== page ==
Thursday, April 21, 2011

Synchroblog: Missional theology and Churches of Christ

I was thinking last night (as I tossed and turned without sleep) about other challenges Churches of Christ face in light of missional impulses. Most are not unique to us. We have very little sense of what it means to be church on someone else's home turf. And the days of if we build they will come are largely over. But again, this is true across ecclesial traditions.

So, is there something uniquely challenging to Churches of Christ? Probably several things. I will note one here. Missional church begins with theology. We're after the missio Dei (mission of God), which means we are immediately into the questions of God. And we have not paid much attention to these questions over the years.

Specifically, we have avoided any kind of explicit Trinitarian theology. And since the World Wars, we have been pretty much devoid of any meaningful eschatology. Trinity and eschatology form the heart of missional theology, so at the very least we have some catching up to do (and many thankfully are taking up these conversations among us).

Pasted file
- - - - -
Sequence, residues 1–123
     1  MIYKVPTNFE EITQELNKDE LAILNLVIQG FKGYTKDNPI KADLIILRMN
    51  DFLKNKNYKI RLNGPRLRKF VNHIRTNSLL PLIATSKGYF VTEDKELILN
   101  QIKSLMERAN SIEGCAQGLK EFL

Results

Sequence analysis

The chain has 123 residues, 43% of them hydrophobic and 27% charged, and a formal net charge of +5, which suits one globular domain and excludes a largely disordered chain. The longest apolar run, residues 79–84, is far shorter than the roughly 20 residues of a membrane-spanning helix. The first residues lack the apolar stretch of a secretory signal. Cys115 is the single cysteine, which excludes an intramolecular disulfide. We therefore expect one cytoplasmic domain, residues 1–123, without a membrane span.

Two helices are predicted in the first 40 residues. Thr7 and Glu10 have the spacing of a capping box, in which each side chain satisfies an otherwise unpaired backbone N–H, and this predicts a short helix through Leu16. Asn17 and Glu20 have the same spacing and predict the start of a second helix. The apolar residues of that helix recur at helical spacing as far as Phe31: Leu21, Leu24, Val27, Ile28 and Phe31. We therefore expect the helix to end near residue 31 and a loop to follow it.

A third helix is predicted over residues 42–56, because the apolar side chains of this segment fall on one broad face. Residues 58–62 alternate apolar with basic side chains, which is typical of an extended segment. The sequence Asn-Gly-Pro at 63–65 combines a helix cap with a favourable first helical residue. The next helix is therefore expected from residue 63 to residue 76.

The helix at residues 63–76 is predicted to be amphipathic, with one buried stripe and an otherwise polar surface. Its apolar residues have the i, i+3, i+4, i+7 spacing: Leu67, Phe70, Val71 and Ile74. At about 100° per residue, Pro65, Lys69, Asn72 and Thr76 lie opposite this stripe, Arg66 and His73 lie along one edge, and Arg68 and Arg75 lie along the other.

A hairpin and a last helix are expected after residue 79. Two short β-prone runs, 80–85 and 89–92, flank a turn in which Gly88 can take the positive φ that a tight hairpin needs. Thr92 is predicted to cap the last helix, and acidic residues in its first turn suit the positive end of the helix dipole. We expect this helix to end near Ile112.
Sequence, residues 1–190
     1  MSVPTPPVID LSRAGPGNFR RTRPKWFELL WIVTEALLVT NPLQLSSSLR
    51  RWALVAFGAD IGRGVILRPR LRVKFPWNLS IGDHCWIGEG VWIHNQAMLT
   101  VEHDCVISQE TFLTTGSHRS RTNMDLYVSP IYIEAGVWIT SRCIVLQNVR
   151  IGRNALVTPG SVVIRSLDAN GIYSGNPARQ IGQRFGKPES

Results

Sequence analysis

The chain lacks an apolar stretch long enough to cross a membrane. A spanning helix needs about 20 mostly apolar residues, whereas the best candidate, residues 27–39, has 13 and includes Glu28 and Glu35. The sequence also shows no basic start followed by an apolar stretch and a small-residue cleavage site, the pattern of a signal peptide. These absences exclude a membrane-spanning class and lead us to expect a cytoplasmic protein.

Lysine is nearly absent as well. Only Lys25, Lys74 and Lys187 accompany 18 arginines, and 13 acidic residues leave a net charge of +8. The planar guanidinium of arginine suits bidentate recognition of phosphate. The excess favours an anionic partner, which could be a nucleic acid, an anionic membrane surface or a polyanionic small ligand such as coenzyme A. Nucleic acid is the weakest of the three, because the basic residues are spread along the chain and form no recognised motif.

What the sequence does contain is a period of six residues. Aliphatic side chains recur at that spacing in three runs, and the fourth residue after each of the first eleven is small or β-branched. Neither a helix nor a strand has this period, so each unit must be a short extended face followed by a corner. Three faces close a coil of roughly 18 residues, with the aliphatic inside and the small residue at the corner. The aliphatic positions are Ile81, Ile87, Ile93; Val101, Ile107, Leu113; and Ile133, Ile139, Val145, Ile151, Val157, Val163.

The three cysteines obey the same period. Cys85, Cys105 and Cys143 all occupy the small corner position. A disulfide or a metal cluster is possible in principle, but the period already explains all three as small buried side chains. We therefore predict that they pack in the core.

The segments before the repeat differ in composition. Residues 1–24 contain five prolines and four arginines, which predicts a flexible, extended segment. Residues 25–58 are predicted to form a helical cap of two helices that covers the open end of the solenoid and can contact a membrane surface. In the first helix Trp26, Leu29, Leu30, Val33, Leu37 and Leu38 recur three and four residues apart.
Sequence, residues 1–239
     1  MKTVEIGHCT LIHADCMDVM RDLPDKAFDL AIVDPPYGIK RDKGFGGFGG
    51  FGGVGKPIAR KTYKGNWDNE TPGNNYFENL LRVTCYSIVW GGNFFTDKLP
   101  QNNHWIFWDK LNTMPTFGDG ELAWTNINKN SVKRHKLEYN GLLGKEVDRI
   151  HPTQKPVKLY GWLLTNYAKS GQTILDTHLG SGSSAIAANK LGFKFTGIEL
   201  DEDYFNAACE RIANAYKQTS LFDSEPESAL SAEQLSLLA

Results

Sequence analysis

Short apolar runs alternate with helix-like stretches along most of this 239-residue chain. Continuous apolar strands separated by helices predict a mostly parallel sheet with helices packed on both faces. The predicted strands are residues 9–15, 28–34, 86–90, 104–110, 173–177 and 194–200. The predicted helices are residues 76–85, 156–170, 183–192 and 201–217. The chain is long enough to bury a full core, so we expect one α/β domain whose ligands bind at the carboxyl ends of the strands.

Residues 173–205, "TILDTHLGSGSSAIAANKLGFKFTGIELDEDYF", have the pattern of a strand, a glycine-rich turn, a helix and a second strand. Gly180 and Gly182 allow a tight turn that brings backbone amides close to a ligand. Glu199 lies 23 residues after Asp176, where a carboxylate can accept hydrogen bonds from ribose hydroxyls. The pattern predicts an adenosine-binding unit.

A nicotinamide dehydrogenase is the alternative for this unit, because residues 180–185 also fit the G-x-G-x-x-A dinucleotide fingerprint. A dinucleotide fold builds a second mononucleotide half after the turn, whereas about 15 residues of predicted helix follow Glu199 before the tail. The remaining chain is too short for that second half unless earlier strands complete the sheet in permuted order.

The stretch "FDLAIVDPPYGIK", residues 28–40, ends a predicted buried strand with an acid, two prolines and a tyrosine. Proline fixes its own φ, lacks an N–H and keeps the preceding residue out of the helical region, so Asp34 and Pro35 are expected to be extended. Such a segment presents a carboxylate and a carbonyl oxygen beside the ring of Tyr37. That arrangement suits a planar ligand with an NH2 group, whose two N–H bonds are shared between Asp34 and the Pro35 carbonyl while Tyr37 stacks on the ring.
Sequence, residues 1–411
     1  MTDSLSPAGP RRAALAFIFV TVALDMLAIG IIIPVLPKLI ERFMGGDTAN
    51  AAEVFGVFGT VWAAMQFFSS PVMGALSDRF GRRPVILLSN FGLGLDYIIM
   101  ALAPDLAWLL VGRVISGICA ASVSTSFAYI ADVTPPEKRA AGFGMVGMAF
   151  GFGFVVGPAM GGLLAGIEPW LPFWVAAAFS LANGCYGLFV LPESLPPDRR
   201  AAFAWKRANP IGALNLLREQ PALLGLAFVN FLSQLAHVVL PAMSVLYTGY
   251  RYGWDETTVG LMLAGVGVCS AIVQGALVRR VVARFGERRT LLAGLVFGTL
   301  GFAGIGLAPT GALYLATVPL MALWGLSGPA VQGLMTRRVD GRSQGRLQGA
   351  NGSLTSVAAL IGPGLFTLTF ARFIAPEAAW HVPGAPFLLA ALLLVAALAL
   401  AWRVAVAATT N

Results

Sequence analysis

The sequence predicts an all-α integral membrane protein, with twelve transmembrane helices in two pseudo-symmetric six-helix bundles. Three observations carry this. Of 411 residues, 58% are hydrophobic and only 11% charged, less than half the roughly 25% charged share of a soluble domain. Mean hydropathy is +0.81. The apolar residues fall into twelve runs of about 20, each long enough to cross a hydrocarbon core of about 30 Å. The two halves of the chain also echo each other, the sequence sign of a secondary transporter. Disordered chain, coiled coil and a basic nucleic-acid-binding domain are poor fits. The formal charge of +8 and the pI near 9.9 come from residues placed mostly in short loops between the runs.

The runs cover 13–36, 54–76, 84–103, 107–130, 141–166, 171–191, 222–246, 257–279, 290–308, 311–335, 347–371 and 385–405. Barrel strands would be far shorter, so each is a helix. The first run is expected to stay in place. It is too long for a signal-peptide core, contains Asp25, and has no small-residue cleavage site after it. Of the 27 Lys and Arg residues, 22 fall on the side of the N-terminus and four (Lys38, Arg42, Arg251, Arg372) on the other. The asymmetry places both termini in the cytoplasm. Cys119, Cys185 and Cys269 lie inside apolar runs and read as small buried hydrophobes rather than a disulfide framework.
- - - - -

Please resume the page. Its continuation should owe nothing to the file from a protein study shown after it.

The problems, however, go beyond just needing to be conversant in certain theological themes. Our theology, or lack thereof, sponsors a certain view of the world. In our worship, evangelism, community service, and the like we are enacting our theology in many ways. Apart from changing our imagination about God and God's relationship with the world, missional will only be a call to more busyness doing good. And I think that's one of the things that's killing our churches now.


Scott Ferguson said...

Another thought on the topic:

...and if that's not a live link, my apologies for not knowing how to do that in this format.

Jeff Davis said...


Maybe you have moved on from these posts, but a few questions came up as I read. You said busyness is killing our churches. I agree, but what do you see is giving them life?

Also, in Missional thinking do you have to have an identifiable ecclesial tradition, like CofC, Lutheran, Quaker, or Methodist? I am not advocating for pretending we don't have a history/heritage (as non-denomination churches do and our early history did), but at what point do you say this is something different. Can multi-denominational churches/communities exist? I wondering about when different traditions or even different faiths come together if that forces you to start with epistemology, particularly ways of knowing God? Or can you still start with social location and then move to doing theology in the midst of community?